Sunday, July 3

Renewing our PC is going to continue to be an odyssey, although we can get a run: the outlook will improve just when Intel and AMD will be in better shape

We are living in bad times for PC enthusiasts. During the last year and a half, get a good part of the components that we need to renew the hardware of our computer at the official price marked by manufacturers, and, therefore, eluding the clutches of speculators, is being practically impossible. In these circumstances, it is difficult not to get carried away by frustration, and worst of all, nothing seems to indicate that the outlook will improve in the short term.

Users who need to buy a complete PC already assembled have it a little easier. Most of the equipment dealers and manufacturers are reserving the meager stock available from some components, especially graphics cards, for machines selling assembled, something that given the circumstances is perfectly legal. The problem is that those who only need to renew some of the components of their computer have a very difficult time.

This is the situation in which a semiconductor crisis has placed us, which in the short term does not seem willing to give us a truce. Not even a small one. The most optimistic forecast about the arrival of its end has been offered by Pat Gelsinger, the CEO of Intel. This executive predicted at the end of last April that the enormous investment that is required to start up new integrated circuit factories and the time that must be invested in this process will cause the chip deficit lasts for two more years.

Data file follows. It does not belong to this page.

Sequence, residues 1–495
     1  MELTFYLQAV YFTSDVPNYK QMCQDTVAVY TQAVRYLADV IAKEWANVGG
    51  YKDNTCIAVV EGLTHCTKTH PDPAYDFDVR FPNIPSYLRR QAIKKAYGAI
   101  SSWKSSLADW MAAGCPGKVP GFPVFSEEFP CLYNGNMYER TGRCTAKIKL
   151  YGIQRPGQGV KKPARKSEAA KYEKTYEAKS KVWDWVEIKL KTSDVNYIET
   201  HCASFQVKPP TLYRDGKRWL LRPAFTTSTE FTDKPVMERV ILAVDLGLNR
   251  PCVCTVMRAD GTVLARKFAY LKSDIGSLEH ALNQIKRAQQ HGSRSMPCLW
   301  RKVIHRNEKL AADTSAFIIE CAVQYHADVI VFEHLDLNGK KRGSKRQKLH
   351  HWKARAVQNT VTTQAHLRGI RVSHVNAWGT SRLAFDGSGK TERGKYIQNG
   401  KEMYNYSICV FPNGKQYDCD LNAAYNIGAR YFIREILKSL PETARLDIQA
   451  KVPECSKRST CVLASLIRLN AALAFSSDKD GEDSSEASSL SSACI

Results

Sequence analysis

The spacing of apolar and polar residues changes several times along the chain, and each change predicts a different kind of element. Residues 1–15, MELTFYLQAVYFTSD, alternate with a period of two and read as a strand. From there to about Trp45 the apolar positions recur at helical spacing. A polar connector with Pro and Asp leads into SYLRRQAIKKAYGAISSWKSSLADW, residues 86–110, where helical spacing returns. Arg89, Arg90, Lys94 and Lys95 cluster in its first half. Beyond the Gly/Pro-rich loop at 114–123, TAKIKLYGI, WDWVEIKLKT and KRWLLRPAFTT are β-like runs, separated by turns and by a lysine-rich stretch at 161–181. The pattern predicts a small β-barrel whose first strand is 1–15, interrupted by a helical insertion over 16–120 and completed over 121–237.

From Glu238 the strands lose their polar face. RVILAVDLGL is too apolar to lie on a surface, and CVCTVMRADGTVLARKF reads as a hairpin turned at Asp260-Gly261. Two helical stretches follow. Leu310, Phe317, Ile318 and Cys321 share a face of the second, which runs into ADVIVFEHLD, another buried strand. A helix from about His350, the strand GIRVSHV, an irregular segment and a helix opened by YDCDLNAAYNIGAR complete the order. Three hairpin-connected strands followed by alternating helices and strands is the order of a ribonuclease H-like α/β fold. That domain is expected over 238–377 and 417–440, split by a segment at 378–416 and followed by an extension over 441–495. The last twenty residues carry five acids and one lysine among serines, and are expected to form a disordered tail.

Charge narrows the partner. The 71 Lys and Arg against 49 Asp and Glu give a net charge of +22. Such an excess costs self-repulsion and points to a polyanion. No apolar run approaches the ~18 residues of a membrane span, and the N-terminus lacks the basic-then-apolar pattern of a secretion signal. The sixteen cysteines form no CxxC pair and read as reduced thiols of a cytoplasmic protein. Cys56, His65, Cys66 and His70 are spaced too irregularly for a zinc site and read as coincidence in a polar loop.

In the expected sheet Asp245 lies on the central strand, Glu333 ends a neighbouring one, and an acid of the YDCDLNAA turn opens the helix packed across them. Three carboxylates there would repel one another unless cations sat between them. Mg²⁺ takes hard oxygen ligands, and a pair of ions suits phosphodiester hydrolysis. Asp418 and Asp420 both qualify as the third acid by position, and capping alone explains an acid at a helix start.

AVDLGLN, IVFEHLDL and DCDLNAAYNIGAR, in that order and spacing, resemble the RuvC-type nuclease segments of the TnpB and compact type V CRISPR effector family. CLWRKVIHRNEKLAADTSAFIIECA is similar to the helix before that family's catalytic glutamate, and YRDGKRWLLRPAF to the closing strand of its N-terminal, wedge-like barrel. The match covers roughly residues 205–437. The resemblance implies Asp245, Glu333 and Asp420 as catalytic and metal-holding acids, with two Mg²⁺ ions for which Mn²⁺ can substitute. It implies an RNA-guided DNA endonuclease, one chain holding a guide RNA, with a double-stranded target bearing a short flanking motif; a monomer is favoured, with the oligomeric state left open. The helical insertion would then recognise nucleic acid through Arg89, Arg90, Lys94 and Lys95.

According to Pat Gelsinger, the CEO of Intel, the crisis will continue throughout 2022, and the outlook will possibly improve in 2023

These statements invite us to assume that the crisis will continue throughout 2022, and possibly the outlook will begin to improve slightly in 2023. At the moment none of the senior officials of the companies that manufacture integrated circuits has dared to predict precisely when they will achieve put an end to the imbalance that has placed us in this situation, but it is clear from your statements that the deficit will give its last blows in 2024.

This is what it is, and users, unfortunately, have no choice but to assume it. At this juncture, it is undoubtedly preferable to extend the life of the current components of our PC as much as possible and look to the future with the intention of renewing it as soon as the hardware market returns to its course. Intel and AMD have already given us some clues about the microprocessors they will put in stores by the end of 2022 and throughout 2023. They paint really well, so we suggest you take a look at what we know about them. Perhaps that way we can maintain the illusion with the hope that when they arrive all this will be behind us. Or, at least, is about to do so.

AMD excited with Zen 4, and Intel is determined to get the batteries with its photolithography